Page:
Consider that art that asks us to observe the macabre, without itself being a glorification of the macabre, also asks us to seek a resolution so its contents are not repeated in reality. Hence, grotesque art puts out the cry of redemption, of which we, as creative human beings, are responsible to offer. We can offer this redemption by pointing to the Redeemer. Therefore, the art that strikes us as heavy and dark, can actually be a pointer to the Light. It’s the irony of grace still shining in the presence of heretical images. And here is where the poet can take a very active role in conveying these encounters with beatific, and agonizing realities; here is where the poet chances words on a page, and asks the reader to see with him what he, or she, has seen:

How do I love thee? Let me count the ways.
I love thee to the depth and breadth and height
My soul can reach, when feeling out of sight
For the ends of my being and ideal Grace.
I love thee to the level of everyday’s
Most quiet need, by sun and candle-light.
I love thee freely, as men strive for Right;
I love thee purely, as they turn from Praise.
I love thee with the passion put to use
In my old griefs, and with my childhood’s faith.
I love thee with a love I seemed to lose
With my lost saints ~ I love thee with the breath,
Smiles, tears, of all my life! ~ and, if God choose,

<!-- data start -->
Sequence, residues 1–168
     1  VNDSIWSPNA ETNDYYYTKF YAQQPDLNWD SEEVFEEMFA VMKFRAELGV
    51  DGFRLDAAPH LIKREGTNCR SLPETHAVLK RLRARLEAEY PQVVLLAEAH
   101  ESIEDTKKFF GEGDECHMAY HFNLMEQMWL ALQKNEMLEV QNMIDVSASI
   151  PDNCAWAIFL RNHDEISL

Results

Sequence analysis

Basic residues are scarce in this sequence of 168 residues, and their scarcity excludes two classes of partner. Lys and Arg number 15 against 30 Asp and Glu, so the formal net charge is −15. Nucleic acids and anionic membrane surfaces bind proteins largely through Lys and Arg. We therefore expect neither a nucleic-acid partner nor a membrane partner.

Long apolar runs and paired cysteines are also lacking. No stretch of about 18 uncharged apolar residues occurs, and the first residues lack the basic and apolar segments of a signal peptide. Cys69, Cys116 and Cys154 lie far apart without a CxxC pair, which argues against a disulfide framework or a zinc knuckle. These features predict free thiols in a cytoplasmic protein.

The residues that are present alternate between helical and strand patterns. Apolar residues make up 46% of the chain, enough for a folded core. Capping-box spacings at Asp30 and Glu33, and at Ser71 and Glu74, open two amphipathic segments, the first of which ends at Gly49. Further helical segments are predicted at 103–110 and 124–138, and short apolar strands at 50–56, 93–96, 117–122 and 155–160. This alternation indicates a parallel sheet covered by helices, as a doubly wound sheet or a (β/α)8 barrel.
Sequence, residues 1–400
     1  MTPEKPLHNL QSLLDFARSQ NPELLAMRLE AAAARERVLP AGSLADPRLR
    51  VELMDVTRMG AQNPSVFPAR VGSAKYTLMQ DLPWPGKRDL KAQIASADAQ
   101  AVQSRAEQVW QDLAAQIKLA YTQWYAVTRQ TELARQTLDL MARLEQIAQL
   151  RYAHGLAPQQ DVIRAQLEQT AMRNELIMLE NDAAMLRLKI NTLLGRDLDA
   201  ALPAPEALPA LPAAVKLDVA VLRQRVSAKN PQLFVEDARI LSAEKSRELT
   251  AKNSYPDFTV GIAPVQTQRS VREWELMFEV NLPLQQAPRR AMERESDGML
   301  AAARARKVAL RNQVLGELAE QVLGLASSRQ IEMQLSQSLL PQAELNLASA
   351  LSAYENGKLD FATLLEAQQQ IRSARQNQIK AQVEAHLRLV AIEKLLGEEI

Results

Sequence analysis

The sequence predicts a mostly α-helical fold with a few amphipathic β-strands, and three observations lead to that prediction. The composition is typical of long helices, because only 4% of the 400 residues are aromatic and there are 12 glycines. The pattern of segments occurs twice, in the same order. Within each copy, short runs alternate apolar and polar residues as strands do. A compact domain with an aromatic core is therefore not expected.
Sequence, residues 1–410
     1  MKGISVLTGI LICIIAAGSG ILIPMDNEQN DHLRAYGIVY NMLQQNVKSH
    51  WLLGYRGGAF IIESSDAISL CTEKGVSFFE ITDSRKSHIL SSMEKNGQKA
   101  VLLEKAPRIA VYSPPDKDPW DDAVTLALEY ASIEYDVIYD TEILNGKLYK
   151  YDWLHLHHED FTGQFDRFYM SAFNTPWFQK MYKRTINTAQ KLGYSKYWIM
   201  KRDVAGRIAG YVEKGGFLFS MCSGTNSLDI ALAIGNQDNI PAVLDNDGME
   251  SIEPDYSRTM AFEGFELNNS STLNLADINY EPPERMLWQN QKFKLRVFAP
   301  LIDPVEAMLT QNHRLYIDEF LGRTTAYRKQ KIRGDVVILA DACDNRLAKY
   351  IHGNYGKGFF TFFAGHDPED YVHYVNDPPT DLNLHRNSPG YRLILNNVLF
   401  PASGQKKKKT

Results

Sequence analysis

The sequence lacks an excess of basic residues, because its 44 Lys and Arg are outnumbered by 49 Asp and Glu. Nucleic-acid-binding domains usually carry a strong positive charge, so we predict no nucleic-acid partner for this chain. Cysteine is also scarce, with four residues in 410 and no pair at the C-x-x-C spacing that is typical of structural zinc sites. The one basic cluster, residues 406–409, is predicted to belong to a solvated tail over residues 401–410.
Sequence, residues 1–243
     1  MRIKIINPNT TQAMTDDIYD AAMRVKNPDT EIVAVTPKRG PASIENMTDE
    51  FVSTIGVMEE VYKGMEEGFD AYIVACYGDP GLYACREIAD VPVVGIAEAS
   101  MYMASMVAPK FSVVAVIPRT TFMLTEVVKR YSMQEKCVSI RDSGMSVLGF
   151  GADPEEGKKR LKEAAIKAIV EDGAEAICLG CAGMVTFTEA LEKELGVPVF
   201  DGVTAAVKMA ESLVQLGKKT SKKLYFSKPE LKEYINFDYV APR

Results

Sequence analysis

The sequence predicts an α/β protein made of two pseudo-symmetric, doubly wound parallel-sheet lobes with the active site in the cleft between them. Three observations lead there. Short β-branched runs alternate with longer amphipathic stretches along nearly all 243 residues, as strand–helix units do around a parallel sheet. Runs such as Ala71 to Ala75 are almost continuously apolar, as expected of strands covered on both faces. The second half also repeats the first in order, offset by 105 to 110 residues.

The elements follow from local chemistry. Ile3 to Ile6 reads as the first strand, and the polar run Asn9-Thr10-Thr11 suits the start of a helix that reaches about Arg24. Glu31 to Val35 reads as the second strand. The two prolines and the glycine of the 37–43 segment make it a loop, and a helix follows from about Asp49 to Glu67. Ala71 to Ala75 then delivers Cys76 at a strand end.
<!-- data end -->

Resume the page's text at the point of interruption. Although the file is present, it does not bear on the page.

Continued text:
I shall but love thee better after death. [2]

~ Elizabeth Barrett Browning
This poem asks the reader to see with the author all the fantastic, and purely delightful ways that she loves her lover; how she dotes after his affections, and invites every moment, and every part of who she is to be dedicated to him. The poetess, Elizabeth Barrett Browning, has faithfully captured the wonderment of common romantic love in an extraordinary metaphor of beauty, and passion. And is that not what romantic poetry is about? The risk of ultimate love coupled with the risk of ultimate suffering?
Still, the poetic artist is not bound to expressing only beauty, as was mentioned earlier. The poet has to consider the whole scope of reality if he really wishes to write poetry. Beauty is not the only ingredient in reality; love is not always considered until it is noticed missing; hence, the poet can alarm us to seeing the need for love in a dreadful situation:
I walked a weary path through streets
Forlorn, exasperated from the sickly
Apathy carved into the souls of people
About me, and reflected deep in the
Fallow sockets from which they gazed.
Hard pressed, crushed, and creased,
This burgeoning society of convenience
And ergonomic efficiency, they staggered;
Defeated, and oppressed by the weight
Of their constructs; their own
Sticky desire to be God, while